Clean Architecture

A Craftsman's Guide to Software Structure and Design


  • Split the group in 4 :
  • Ask this question
    • What characteristics do these architectures have in common? - 5'
    • Craft as many post-its as they can
  • Review what has been produced

Hexagonal architecture

Alistair Cockburn

Onion architecture

Jeffrey Palermo


Hexagonal Architecture

Allow an application to equally be driven by users, programs, automated test or batch scripts, and to be developed and tested in isolation from its eventual run-time devices and databases.

Onion Architecture


  • Domain Model layer, where our entities and classes closely related to them e.g. value objects reside
  • Domain Services layer, where domain-defined processes reside
  • Application Services layer, where application-specific logic i.e. our use cases reside
  • Outer layer, which keeps peripheral concerns like UI, databases or tests

Dependency Inversion Principle (at Architecture Level)

This means that when writing our high-level business logic, we don’t want to depend directly on low-level stuff like databases, file systems, network connections, provider contracts, and such.
Instead, we should expose an abstraction that represents a higher-level business need and implements it using these low-level mechanisms.

What characteristics do these architectures have in common?

Here is some answers to the connection question :
  • Independent of frameworks
    • Does not depend on the existence of libraries
    • Allow us to use frameworks as tools (not a constraint)
  • Independent of the front-end
    • Can easily change the UI (from web to console)
  • Independent of the database
    • Business rules not bound to Database logic
  • Independent of any external agency
    • Business rules don’t know anything about outside world
Business rules can be tested without external components

Use Case Driven Approach

Ivar Jacobson in his book below explained we should map 1 Business Use case / 1 Application Use case. We should implement Application Use Case with the BCE "pattern" : Boundary Controller Entity :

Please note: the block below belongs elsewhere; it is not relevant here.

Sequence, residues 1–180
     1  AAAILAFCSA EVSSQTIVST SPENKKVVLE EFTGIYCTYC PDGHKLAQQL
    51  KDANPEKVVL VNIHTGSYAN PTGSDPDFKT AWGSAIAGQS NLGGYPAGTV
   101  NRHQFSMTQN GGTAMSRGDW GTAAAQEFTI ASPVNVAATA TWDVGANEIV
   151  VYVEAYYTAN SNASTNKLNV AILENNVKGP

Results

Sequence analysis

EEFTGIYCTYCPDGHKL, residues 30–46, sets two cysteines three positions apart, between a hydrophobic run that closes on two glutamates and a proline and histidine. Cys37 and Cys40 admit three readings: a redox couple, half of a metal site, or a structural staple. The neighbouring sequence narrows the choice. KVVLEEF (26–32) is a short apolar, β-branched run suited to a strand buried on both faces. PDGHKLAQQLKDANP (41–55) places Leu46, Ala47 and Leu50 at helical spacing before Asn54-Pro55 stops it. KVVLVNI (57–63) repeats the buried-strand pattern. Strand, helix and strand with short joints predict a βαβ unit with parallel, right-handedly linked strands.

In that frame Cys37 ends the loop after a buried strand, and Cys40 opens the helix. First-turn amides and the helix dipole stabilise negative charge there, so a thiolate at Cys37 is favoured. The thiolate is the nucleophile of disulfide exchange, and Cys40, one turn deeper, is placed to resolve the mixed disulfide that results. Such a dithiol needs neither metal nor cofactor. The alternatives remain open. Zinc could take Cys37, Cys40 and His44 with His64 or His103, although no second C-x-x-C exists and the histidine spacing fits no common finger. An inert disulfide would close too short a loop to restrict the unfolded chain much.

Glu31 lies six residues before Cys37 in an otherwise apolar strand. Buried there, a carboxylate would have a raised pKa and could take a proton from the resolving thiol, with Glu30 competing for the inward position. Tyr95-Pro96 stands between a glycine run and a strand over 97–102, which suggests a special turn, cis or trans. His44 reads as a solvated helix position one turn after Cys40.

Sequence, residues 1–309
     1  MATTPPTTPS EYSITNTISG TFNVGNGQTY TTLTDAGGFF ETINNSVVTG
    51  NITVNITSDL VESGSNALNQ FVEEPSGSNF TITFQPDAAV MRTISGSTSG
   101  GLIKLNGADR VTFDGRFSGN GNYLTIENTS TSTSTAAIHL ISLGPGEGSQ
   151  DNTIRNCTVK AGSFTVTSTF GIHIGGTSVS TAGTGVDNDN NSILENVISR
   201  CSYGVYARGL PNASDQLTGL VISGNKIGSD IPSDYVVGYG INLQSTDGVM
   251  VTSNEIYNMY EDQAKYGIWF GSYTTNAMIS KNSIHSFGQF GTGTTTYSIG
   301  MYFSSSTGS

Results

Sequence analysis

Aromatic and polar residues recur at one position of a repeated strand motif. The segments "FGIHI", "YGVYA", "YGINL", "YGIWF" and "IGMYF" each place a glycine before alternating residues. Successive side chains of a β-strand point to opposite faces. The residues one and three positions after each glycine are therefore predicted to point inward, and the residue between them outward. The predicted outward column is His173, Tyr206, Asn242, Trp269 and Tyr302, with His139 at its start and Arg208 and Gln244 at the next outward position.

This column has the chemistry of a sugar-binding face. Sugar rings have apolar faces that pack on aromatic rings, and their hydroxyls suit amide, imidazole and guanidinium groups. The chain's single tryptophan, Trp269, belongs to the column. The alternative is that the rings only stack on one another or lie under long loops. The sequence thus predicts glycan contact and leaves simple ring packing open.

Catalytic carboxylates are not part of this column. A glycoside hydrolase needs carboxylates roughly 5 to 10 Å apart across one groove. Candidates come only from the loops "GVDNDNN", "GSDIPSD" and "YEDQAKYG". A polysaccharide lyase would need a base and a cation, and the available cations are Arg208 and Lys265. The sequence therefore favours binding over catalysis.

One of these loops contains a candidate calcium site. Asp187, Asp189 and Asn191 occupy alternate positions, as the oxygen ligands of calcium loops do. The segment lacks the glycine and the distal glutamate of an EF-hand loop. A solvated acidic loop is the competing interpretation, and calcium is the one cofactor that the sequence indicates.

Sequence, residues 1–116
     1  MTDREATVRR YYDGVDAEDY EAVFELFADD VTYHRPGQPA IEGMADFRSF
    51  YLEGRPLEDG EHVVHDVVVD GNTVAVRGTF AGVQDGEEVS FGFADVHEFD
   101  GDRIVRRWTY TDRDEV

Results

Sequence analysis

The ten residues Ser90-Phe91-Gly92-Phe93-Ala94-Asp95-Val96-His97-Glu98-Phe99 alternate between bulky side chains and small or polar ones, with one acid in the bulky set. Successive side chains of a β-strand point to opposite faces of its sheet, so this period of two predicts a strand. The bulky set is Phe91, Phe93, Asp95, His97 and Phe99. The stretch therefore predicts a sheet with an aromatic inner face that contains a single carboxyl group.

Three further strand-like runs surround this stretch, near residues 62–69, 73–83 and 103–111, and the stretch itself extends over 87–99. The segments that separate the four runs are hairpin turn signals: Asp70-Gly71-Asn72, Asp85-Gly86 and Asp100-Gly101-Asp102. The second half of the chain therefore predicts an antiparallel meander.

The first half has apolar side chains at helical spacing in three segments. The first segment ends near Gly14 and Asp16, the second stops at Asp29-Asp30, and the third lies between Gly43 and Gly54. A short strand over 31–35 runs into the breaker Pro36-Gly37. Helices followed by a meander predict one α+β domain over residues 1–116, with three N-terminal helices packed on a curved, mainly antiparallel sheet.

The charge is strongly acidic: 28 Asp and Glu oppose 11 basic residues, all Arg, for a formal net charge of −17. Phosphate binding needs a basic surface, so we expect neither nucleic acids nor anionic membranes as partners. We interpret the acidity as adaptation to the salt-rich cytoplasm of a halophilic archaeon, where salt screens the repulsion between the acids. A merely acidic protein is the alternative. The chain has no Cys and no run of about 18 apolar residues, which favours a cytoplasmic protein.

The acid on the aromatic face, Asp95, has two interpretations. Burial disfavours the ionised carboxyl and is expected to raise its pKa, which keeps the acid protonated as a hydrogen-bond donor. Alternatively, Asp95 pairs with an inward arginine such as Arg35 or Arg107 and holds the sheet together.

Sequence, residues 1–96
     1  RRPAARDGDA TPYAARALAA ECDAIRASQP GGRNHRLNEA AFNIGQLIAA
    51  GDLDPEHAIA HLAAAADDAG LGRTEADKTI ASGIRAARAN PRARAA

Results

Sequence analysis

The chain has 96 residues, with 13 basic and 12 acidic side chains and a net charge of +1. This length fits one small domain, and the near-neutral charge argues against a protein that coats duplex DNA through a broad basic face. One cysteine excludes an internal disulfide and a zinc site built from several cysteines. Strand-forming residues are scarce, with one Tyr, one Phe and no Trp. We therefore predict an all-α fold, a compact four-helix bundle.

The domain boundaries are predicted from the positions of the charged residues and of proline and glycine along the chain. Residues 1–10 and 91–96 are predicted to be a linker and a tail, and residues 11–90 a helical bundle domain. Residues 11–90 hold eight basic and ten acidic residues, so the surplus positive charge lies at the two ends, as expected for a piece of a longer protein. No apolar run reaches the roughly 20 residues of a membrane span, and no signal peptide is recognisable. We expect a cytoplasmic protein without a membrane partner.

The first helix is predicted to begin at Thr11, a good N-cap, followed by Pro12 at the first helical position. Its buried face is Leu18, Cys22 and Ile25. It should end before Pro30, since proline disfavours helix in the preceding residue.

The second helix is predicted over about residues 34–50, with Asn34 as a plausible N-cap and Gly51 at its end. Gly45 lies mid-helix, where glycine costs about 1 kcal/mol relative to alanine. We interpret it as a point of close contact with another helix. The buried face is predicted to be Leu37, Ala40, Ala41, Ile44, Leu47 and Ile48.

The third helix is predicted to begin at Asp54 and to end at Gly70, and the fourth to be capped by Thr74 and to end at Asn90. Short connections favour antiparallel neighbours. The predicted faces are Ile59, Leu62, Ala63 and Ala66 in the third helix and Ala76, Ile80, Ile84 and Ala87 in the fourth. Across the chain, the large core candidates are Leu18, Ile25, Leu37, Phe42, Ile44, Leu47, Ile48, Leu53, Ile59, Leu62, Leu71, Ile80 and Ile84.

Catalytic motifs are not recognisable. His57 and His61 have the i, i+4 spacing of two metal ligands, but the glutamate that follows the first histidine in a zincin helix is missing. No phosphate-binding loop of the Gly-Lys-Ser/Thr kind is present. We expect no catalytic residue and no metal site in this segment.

Clean Architecture

Uncle Bob's book
The Clean Architecture as expressed by Robert C. Martin is a mix of the 3 architecture ideas explained before :

Entities (Enterprise business rules)

  • Encapsulate Enterprise wide business rules
    • Can be
      • Object with methods
      • Set of data structures and functions
  • Could be used by many different applications in the enterprise.

Use cases (Application business rules)

  • Capture business rules
  • Structure should indicate what the application is, not how it does it
  • Application specific business rules

Interface adapters

  • Set of adapters
    • Convert data from the format most convenient for the use cases and entities
    • To the format most convenient for some external agency such as the Database or the Web
  • In a MVC architecture : Presenters, Views, and Controllers

Frameworks & drivers

  • Frameworks and tools such as
    • Database
    • Web Framework
Glue code that communicates to the next circle inwards.
  • This layer is where all the details go
    • Keep these things on the outside where they can do little harm

The dependency rule

Source code dependencies can only point inwards.

Concrete Practice


Learn and practice the concepts behind Clean Architecture

Part 1

Each participant :
Empty Clean architecture Diagram


Register User Case

Part 2

Cover the following use cases and requirements:
  • The customer can register a new account.
  • Allow to get the customer details.
  • Allow to get the account details.
  • Allow to deposit into an existing account.
  • Allow to withdraw from an existing account.
  • Accounts can be closed only if they have zero balance.
  • Accounts does not allow to withdraw more than the current account balance.
You can check in the branch final-solution to see one possible implementation of those Use Cases


  • What benefits do you see?
  • Pros and cons ?

Pros & Cons

Plays well with DDD – architecture that builds everything on top of a domain model
Learning curve – People tend to mess up splitting responsibilities between layers, especially harming the domain model
Directed coupling – the most important code in our application depends on nothing, everything depends on it
Indirection – interfaces everywhere!
Flexibility – from an inner-layer perspective, you can swap out anything in any of the outer layers and things should work just fine
Potentially heavy
Testability – since your application core does not depend on anything else, it can be easily and quickly tested in isolation